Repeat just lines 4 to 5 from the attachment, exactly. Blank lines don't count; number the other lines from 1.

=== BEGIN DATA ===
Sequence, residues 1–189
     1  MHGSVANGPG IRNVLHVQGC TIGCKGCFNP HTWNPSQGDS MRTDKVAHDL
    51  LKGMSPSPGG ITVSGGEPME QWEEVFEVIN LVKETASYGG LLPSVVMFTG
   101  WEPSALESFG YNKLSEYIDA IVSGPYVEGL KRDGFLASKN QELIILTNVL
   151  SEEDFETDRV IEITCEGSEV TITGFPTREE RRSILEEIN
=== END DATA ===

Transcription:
   101  WEPSALESFG YNKLSEYIDA IVSGPYVEGL KRDGFLASKN QELIILTNVL
   151  SEEDFETDRV IEITCEGSEV TITGFPTREE RRSILEEIN